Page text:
Fan earned a B.S. degree from National Taiwan University and M.S. and Ph.D. degrees from West Virginia University, all in chemical engineering. He did three years of postdoctoral research and earned an M.S. in statistics from Kansas State University before joining the Ohio State faculty in 1978.

At Ohio State, Fan has risen through the ranks and served as department chair from 1994 to 2003. In 2005, he was awarded the Joseph Sullivant Medal, which is given only once every five years and is the highest honor that Ohio State can bestow upon one of its alumni or faculty for eminent achievement.

He was elected to the National Academy of Engineering in 2001. Among his other recognitions, Fan received the Malcolm E. Pruitt Award of the Council for Chemical Research in 2000, the American Society for Engineering Education Chemical Engineering Division Union Carbide Lectureship Award in 1999, and the American Institute of Chemical Engineers Alpha Chi Sigma Award for Chemical Engineering Research in 1996.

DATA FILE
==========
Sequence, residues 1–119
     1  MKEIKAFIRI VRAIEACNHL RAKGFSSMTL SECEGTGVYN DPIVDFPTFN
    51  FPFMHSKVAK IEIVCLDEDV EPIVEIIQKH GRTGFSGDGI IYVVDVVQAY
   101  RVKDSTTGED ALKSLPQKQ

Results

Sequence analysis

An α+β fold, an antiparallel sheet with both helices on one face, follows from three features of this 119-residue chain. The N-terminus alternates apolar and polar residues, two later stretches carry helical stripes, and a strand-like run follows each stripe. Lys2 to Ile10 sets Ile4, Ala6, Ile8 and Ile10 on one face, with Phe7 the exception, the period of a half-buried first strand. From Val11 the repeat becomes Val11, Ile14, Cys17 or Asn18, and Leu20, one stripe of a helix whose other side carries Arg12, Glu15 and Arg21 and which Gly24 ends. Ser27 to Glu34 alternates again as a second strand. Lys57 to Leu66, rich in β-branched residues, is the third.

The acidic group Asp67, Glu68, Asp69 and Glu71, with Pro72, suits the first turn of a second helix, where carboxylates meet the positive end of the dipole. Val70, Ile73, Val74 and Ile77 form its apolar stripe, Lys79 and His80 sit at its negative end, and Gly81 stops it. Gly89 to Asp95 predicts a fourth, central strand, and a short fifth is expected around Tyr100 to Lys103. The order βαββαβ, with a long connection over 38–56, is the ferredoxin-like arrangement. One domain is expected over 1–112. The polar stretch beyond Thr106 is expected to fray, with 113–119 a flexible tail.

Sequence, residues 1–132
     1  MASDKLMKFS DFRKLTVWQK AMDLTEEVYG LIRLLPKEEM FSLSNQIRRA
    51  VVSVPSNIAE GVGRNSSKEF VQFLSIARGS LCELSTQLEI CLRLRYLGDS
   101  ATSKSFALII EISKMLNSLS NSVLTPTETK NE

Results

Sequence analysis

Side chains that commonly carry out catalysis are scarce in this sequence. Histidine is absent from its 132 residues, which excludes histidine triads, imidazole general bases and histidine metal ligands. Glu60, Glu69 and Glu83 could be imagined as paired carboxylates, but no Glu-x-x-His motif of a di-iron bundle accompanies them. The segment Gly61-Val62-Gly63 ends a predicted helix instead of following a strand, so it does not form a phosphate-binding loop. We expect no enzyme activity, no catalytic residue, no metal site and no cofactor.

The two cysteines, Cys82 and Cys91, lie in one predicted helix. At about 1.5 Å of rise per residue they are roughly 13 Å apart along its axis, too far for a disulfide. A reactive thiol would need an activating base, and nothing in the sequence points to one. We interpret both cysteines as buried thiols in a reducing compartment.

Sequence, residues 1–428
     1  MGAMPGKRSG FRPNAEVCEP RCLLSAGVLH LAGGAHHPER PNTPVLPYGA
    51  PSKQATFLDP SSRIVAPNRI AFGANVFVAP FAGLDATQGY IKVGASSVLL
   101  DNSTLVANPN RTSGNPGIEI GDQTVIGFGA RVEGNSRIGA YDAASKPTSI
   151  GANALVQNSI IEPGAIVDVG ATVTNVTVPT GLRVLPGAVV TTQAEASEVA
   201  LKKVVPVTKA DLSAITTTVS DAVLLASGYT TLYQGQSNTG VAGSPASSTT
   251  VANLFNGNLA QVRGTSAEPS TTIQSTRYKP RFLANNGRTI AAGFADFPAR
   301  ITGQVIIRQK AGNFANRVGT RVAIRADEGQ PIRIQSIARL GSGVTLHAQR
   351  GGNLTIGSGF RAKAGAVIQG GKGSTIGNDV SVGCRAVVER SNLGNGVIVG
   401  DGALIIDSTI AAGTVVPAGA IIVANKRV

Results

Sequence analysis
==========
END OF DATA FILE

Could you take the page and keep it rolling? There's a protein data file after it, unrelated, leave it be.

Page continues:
Fan has authored or coauthored three books, 20 book chapters,
14 patents, 290 refereed papers, and 250 conference papers. The award address will be presented before the Division of Industrial & Engineering Chemistry.

Linda raber
С & EN / FEBRUARY 6, 2006

ACS Award in Colloid & Surface Chemistry

Sponsored by Procter & Gamble